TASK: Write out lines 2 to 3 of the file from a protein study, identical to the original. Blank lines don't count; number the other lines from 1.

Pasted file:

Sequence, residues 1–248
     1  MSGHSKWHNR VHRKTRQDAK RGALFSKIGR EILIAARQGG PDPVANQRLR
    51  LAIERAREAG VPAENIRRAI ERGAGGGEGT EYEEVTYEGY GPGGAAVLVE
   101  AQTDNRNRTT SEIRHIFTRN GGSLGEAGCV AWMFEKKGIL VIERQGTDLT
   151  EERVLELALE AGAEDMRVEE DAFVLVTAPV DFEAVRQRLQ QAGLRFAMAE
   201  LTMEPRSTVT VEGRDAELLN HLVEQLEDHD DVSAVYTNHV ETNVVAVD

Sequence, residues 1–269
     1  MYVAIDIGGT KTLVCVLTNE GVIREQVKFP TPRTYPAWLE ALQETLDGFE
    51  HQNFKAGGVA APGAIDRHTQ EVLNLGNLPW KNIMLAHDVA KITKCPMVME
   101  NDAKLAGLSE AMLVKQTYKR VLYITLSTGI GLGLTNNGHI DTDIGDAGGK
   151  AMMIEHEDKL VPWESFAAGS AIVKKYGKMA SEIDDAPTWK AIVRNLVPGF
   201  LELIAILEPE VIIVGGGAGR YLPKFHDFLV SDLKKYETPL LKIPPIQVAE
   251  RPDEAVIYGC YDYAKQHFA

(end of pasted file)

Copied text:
     1  MSGHSKWHNR VHRKTRQDAK RGALFSKIGR EILIAARQGG PDPVANQRLR
    51  LAIERAREAG VPAENIRRAI ERGAGGGEGT EYEEVTYEGY GPGGAAVLVE